Background on Ephesians


The letter to the Ephesians has been called the crown of Pauline theology. This means that in this epistle the teachings and thoughts of the Apostle Paul reach their loftiest form. This letter was written at least ten years after 1 Thessalonians. The gospel had continued to advance in Asia, Macedonia, and Greece. Paul was quite likely in prison at Rome. The traditional view is that this letter was written about 61 AD early in the imprisonment described in Acts 28.


In theological terms, Ephesians has a very "high Christology". This means that the nature and person of Jesus Christ is highly central to its themes. As the Jewish church developed into a more Gentile church, the teachings about the person and work of Christ expanded. Some see in this expansion the church adapting to its new culture. I think of it rather in terms of God using the terms and references in the new culture to reveal something new about Himself that was not previously known. Paul saw such revelation in terms of "mystery". God was revealing a mystery about Himself and about the world that was previously not revealed.


And so, in Ephesians, Jesus of Nazareth is Jesus Christ who brings together all things in heaven and on earth. This elevation of thought about Jesus has led some to say that the letter to the Ephesians is about a "Cosmic Christ". In some very real senses this is true. Christ is the Lord of the cosmos. But, no more here than in the gospel of John or the general epistle of 1 Peter. The expression of the idea is presented here more thoroughly perhaps.


Here too is practical teaching for the church. The unity of believers as the body of Christ is expounded. A Christian response to grace and practical instruction on dealing with sin are here. Something that was common in Greek literature of the day was practical moral teaching for everyday people called "household codes". In the letter to the Ephesians, Paul develops a Christian household code with responsibilities to wives, husbands, children, slaves and masters. Here is a book that not only contains lofty ideals but practical teaching that has edified God's people since the day it was written.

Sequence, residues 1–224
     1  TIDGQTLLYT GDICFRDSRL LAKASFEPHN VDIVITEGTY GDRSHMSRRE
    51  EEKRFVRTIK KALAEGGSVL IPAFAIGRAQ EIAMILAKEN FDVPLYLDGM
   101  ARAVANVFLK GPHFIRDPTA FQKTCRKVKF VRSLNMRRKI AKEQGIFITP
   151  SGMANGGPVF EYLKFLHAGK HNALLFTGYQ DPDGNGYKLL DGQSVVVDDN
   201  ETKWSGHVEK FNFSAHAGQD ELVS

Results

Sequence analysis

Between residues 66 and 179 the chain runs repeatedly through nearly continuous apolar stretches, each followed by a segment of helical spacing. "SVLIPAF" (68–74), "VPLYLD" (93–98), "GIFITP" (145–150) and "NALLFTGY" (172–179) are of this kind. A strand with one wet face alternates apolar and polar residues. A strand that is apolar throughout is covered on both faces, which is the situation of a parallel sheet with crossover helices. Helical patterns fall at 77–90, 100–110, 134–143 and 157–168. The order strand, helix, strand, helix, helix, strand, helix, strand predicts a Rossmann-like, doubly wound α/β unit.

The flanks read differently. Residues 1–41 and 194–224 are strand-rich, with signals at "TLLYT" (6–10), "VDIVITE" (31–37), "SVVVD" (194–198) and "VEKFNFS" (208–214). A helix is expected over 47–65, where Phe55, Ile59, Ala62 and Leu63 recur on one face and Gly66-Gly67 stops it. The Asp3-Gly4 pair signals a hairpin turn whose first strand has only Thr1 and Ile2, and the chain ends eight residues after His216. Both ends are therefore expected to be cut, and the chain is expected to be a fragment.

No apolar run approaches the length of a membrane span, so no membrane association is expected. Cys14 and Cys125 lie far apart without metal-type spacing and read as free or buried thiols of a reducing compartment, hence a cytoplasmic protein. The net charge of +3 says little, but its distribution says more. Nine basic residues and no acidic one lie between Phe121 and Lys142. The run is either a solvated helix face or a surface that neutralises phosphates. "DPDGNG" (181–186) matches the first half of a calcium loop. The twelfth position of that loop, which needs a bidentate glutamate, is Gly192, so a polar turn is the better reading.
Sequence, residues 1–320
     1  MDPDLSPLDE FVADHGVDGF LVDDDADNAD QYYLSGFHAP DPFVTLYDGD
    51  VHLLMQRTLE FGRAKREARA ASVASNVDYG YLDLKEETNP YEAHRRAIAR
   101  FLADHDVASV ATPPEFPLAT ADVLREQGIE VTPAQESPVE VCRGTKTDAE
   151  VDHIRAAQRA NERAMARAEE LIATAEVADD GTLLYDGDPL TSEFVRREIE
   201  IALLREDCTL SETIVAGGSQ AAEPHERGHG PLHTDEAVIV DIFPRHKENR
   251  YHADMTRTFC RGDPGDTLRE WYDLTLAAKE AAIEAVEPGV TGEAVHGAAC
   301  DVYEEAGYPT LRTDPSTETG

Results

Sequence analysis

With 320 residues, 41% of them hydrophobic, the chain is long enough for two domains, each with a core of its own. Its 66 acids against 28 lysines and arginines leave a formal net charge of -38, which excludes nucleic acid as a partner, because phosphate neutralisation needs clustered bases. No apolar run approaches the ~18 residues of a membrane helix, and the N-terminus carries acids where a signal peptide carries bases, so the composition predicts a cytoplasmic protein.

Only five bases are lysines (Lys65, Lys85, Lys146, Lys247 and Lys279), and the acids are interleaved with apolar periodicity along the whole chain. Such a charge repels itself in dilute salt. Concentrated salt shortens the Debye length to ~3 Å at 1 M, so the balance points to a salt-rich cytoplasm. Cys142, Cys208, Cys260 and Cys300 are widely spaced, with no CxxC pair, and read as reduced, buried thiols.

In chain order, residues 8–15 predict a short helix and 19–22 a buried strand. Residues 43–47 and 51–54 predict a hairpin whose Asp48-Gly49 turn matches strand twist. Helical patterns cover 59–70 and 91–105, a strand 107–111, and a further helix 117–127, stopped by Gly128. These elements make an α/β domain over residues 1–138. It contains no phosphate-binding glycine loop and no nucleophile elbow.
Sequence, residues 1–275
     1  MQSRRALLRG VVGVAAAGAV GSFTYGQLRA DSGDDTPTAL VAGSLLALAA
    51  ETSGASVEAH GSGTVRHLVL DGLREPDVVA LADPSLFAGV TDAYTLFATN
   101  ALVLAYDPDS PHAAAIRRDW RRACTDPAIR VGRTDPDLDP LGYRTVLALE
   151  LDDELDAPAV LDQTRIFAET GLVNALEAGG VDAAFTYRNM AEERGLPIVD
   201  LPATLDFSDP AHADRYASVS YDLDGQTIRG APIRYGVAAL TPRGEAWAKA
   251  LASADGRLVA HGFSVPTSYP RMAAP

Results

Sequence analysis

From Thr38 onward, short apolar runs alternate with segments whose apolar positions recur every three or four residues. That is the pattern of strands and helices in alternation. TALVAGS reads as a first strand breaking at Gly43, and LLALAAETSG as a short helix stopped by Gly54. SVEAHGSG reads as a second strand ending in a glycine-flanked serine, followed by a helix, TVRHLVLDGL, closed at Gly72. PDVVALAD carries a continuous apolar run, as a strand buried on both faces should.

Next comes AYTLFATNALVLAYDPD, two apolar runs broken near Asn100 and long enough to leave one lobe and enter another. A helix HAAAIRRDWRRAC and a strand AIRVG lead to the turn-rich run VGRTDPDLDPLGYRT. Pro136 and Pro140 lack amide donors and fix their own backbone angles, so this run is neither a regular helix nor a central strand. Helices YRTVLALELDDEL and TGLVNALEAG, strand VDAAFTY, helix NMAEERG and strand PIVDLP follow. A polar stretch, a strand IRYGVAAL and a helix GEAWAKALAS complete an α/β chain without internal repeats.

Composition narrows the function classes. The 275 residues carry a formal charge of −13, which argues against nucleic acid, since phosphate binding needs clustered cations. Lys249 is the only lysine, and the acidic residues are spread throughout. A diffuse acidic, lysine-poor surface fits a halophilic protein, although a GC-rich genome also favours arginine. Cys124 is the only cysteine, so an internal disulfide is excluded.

Developed here is also teaching about grace. The grace that God has expressed in Christ Jesus finds its best expression in this letter. Where would the people of God be without Paul's expression of the grace of God found here? Or without the teachings contained here about the church being the "body of Christ"? Our lives and our vision of the majesty and glory of God would be diminished without this work.


The grandeur of the ideas and the well developed theological concepts that are represented in this letter have caused some modern scholars to doubt that it could have been written by Paul at such an early date in the development of the church. Many see this work as that of a disciple of Paul's addressing situations in the church about the time of 90 AD or later. For my own part, I have read and considered the evidence and believe that it is not only possible that this epistle was written by Paul, but likely. I realize that this is a rather conservative approach and that many churches and scholars have taught that this letter was written after Paul had died.


This letter shows every indication of being an epistle that was meant to be carried to many churches, probably all those that had developed around Ephesus in Asia Minor. After circulating in many cities and towns, the letter ended up in Ephesus, the chief city of the area, and was treasured by the Christians there. Paul had lived and worked in Ephesus for three years and his memory was highly regarded. It is easy to see why even though it was probably meant for a much wider circulation, the church at Ephesus took it as its very own. Christians today after reading it feel as though it was written for them, as indeed it was.


But, if this is true, it may well be the closest thing that we have to a general epistle written by the Apostle Paul. This letter seems, more than any other, to be written to the church as a whole. The concepts and expressions, the practical advice, seem as relevant today as it must have to the first who heard it read at their assemblies.



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